Elliott declared, he had a certificate of re
Farmer Before Inaaalty Commission
tans Promise to Unit
"1 can drink whisky like water. A pint
of It will not make me etagger even a
little bit, but I hardly ever tnke more
than on or two drinks of It at a time.
I know when I have had enough and I
tttt then."
This was the answer given by R. Romlne,
m wealthy farmer living near Valley, to
the charge filed against him by his wife
tinder the dipsomaniac1 law. Bhe charged
he drank frequently to excess and became
very quarrelsome: As a result of the hear
'" bafore the Insanity board ' yesterday
afternoon Romlne signed a pledge not to
drink to excess and he was allowed to go
on parole. Mrs. Romin has had con-
Slderabla trouhla win, tu i,,..k.- .
ot Ion, ago filed suit for divorce, whIcn
was atnppea later after a reconciliation.
The complaint was filed after a .fight
batween tha" old man and his son, Roe.
Ttie latter claimed tht trouble arose be.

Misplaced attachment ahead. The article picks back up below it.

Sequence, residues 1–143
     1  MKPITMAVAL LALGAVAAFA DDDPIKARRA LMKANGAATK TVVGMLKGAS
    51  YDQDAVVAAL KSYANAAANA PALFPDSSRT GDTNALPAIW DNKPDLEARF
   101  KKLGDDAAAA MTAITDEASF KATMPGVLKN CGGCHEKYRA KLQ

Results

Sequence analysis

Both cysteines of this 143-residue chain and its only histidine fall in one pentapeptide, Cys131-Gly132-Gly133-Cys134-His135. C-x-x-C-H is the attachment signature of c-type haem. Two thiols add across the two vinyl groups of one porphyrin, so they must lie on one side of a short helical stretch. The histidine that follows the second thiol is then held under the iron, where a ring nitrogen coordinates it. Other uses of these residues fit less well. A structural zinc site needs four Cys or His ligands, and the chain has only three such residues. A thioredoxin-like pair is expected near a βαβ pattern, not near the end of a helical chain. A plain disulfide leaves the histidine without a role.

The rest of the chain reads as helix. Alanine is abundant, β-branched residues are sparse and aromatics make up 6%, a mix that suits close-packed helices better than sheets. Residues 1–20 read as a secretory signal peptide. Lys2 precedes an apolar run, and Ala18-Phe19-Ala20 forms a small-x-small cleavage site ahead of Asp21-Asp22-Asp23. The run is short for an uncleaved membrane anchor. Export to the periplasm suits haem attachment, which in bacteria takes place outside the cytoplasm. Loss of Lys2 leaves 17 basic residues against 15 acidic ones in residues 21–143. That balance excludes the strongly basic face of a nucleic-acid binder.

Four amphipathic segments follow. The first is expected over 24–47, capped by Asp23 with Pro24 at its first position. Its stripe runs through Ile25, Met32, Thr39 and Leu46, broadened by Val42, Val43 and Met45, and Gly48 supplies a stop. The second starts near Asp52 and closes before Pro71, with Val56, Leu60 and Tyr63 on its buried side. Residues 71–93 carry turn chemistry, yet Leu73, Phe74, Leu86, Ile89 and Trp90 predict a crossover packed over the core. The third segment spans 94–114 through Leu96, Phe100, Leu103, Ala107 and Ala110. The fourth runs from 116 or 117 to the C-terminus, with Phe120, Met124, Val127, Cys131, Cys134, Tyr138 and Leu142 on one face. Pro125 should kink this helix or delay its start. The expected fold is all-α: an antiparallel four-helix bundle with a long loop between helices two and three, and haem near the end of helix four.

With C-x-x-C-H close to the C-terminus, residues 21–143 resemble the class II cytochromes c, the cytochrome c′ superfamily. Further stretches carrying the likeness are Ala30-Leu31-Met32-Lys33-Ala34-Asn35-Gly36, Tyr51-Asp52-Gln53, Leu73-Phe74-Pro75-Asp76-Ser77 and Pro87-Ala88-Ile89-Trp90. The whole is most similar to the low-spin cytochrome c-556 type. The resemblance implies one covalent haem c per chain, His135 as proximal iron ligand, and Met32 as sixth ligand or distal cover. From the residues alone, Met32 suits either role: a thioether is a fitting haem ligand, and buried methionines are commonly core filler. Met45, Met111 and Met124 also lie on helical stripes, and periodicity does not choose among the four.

cause his father mistreated his mother.
The old man told the board It was merely
because ha had stepped on a little chicken
belonging to his wife.
read la Owernaked.
FREMONT, Neb. June 20. (Special. ) A
bad fire broke out In Gumpert's bakery and
warehouse on D street about 11 o'clock
thla morning. It caught back of th bake
Tens, and when discovered waa coming
out through tha roof. Refore It was under
control the bakery and laundry were
ruined and a quantity of flour and sugar
In tha bakery warehouse soaked with
watar. Other goods stored In the main
Warehouse ware also damaged by smoke.
Th loss to the building, a one-story frame,
la about $300. The loss to stock, fixtures,
te probably will exceed $2,009. The In
terruption of th business will also prove
heavy loss. It waa a bad fire to control
on account of the Inflammable nature of
the building attd contents.
KEARNEY. Neb,. June 2S.-(Speclal Tele
gram.) Dr. J. 8. Blanchard nd Miss Au
gusta Smith, both well-known people of